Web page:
Schmitz Park

black and white photo of woman and toddler on a narrow, long footbridge spanning a deep ravine. Bridge is rustic, dress is early 20th-century, and surroundings are wooded with conifer trees.
Bridge across stream in Schmitz Preserve Park, 1910. Courtesy Seattle Municipal Archives, 30259.

Schmitz Park is located in the Admiral neighborhood in West Seattle at 5551 SW Admiral Way, 98116. Schmitz Preserve Park has old growth forest, walking paths, hiking and nature study. It is 53.1 acres.

Olmsted Brothers in 1908 described “Forest Park” as “a densely wooded ravine…valuable for its scenic effects, and for recreation purposes.” Schmitz Preserve was donated to the city in pieces between 1908 and 1912. The most generous chunk came from a German immigrant/banker/realtor named Ferdinand Schmitz, who served on the park commission during those years. As Schmitz saw how rapidly the great forest was disappearing, he sought to preserve part of it in its natural state. He donated his land “to be used perpetually…for park purposes…in order that certain natural features be preserved.”Even Schmitz’s land had not been completely untouched by logging, though. Some huge stumps in the park still show deep notches hacked high above the ground for the “spring-boards” on which axe men would stand to avoid having to chop through the lower root crown, the thickest and hardest part of the tree. After 1908, however, the new park rapidly gained popularity as a quiet complement to the West Seattle park complex.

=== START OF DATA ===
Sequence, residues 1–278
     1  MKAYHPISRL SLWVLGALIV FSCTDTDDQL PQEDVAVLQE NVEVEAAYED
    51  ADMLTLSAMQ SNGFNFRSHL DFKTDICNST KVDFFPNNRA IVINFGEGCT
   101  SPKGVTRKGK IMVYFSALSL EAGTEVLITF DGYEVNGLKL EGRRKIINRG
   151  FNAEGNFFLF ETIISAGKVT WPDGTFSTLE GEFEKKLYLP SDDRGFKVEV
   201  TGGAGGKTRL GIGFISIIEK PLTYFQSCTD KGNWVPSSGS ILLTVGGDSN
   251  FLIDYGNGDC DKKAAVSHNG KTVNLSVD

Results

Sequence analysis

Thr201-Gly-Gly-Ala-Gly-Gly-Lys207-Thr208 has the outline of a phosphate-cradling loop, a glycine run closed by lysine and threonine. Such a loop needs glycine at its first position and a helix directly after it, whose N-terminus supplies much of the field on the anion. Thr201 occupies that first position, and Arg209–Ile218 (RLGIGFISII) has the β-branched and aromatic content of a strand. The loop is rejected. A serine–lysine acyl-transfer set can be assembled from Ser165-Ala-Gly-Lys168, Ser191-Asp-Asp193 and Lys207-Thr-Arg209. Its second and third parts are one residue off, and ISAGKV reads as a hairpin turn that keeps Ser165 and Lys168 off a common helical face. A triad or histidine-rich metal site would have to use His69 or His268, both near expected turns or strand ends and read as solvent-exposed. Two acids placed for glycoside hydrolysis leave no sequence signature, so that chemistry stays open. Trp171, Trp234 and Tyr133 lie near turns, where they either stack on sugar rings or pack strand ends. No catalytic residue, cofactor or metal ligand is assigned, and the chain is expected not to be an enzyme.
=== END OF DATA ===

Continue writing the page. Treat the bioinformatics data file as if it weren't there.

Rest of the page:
Olmsted developed design drawings for Schmitz Park in 1909 – the design included a shelterhouse and pergola, “to be of rough-hewn timbers stained brown and overgrown with vines,” at the terminus of Schmitz Boulevard within the northern reaches of the park. Olmsted also laid out a trail system, scenic pool and waterfall within the park.

Except for the paved entrance and a parking lot at the northwest corner, the park has remained largely untouched ever since.

News About Schmitz Park

Site Footer